stokoe modok battleworld cover

Everyone is talking about the Marvel event. It’s pretty much the only thing at Marvel that matters. Since we last talked comic news, they’ve revealed details about Battleworld, announced a new Shang Chi book, and more. Let’s run it down, shall we?

ALL DOUBTS ABOUT MARVEL’S SECRET WARS BEING WORTH MY TIME ARE NOW DISPELLED.  James Stokoe, one of my favorite artists, has produced a variant cover to Secret Wars: Battleworld that shows a ton of MODOKs fighting each other. It made me think of Nextwave, and it makes me eager to read this 4-issue companion miniseries to the main “Secret Wars” title. Apparently, the Battleworld series will feature two offbeat battles per issue. It sounds like the AvX spin-off of Avengers vs. X-Men, only it has the potential to be much better since all heroes from any time and universe can get involved. Issue #1 will be Spider-Man, Wolverine (back from the dead!), Hulk and Ghost Rider fighting Punisher, and the afore-mentioned MODOK orgy.

*I love MODOK so much, he was the next character I planned to focus on when I’m done with Thanos…But now I think I’ll have to get started earlier than that! MODOK love!

A FORCE. And if the MODOK news wasn’t good enough, Marvel just announced “A-Force,” a comic by G. Willow “Ms. Marvel” Wilson, Marguerite “Angela: Asgard’s Assassin” Bennet and artist Jorge “X-Men” Molina. It will feature She-Hulk, Dazzler, Meduca, Nico Minoru (of the Runaways), and a new hero—as well as women from all over the Marvel U. Wilson is easily the most exciting and freshest author at Marvel today, so this will be A-mazing.

MARVEL’S GONNA TRY TO MAKE A SHANG CHI COMIC AGAIN. Master of Kung Fu, a series that ran for 125 issues starting in 1973, was created by two of Marvel’s best creators, Jim Starlin and Steve Englehart, who left after 22 issues and handed the book off to two of Marvel’s most underrated ‘70s creators, Doug Moench and Paul Gulacy. Since then, Marvel has tried to revive the character in one-shots and a MAX series, as a hero for hire, and in other appearances. All have failed, even as recently as last year. But they’re using Secret Wars as an attempt to bring him back again. Haden Blackman (who failed to get anyone excited with his “Elektra” comic in 2014) and Dalibor Talajic (who is good enough) will launch a 4-issue mini in May that will bring Shang-Chi to Iron Fist’s adopted homeland of K’un Lun. Of course, Iron Fist will make an appearance—but so will Elektra, Typhoid Mary, Kitty Pryde, and Lockheed.

BRIAN MICHAEL BENDIS LEAVES X-MEN. Uncanny X-Men will revert to original numbering for issue #600, which will come out a few weeks before Secret Wars and will mark Bendis’ departure from the title. His work on the X-books has not been his best stuff, so I’m happy to see him move on. He also signed an exclusive deal with Marvel (but most of us thought he already had one, go figure), but there’s no announcement of his next, post-Secret Wars project.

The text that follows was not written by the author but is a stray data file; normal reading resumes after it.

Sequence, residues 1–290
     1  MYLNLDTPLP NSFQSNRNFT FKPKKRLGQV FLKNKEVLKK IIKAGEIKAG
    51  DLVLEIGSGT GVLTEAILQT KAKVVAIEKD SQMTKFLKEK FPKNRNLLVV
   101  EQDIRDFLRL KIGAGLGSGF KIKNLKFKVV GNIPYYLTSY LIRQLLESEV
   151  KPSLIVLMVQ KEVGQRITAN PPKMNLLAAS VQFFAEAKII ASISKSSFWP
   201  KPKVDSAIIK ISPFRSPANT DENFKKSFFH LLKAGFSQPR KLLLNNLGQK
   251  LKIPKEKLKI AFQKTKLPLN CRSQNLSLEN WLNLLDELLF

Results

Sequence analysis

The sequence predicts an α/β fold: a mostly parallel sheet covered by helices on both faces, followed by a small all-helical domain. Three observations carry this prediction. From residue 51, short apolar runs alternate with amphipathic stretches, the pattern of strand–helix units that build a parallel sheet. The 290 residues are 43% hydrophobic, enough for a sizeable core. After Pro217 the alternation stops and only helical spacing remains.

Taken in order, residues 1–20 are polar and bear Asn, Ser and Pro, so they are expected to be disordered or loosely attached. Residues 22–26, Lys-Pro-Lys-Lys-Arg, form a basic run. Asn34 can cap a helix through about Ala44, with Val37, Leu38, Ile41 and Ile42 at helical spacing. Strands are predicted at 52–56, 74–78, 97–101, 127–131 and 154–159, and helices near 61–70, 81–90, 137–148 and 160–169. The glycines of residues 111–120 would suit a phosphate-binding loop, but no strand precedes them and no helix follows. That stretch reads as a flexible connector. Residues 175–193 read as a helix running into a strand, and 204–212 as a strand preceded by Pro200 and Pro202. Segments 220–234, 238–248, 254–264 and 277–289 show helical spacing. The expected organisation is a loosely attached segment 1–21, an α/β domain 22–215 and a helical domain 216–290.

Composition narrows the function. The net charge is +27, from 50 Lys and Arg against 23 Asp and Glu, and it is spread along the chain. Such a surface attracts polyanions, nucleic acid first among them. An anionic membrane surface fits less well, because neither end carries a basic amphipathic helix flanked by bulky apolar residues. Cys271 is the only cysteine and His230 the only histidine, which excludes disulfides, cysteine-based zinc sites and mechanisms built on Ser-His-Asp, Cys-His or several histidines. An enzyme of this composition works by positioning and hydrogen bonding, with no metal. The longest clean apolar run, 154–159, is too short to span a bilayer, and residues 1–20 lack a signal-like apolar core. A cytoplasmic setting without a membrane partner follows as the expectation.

DEADPOOL’S SECRET SECRET WARS. This is actually related to the original Secret Wars—not the reboot. Cullen Bunn, who has been doing solid Deadpool miniseries (much better than the ongoing series) for years now has written a miniseries about Deadpool’s hidden role in that 1984 conflict.


DC hasn’t been as successful at driving the promotion train, but they have been letting out a few interesting announcements about what their universe will look like after it has a similar implosion this spring. The publisher promises 24 new monthly titles, all designed to be accessible to new audiences. And some of them have the potential to be good! I say that because the new 52 has been uniformly underwhelming, and most readers will agree that it is not as good as the “old” 52. Here’s some of what to expect in June, starting with the titles I’m most excited about….

  • Section Eight by Garth Ennis and John McCrea. You had me with Ennis, DC. Adding his former “Hitman” partner John McCrea was just showing off. The book will be a spin off from that terrific DC series of the late 1990s.
  • Superman by Eisner-winning Gene Luen Yang, who has written some fantastic historical graphic novels. John Romita, Jr., will continue doing the art. (I know this isn’t a “new” title, but wow—Gene Yang!)
  • Bizarro, a “comedy” book written by Heath Corson from DC’s animation staff.
  • Justice League of America, written and illustrated by Bryan Hitch. Hitch is best known as one of the most powerful artists in the business (just check out The Ultimates), but he’s an unproven writer—he’s just got Real Heroes (Image Comics) on his resume.
  • Bat Mite by Mark Russell and Harvey Award winner Ben Caldwell.
  • Prez, bringing back a weird early 1970s book about a kid who became President, by the same creative team behind Bat-Mite.
  • Omega Men, that team from the classic Marv Wolfman/George Perez Teen Titans run.
  • Harley Quinn/Power Girl byAmanda Conner and Jimmy Palmiotti, the only creators who ever made Power Girl worth reading
  • Mystic U by Alisa Kwitney (former editor for DC’s Vertigo line), on a book that sounds a lot like Gotham Academy for weirdos.
  • Dr. Fate by Paul Levitz
  • Starfire, also by Conner and Palmiotti
  • Constantine: The Hellblazer by Ming Doyle and Riley Rossmo
  • And rounding out the list: Black Canary and Cyborg.

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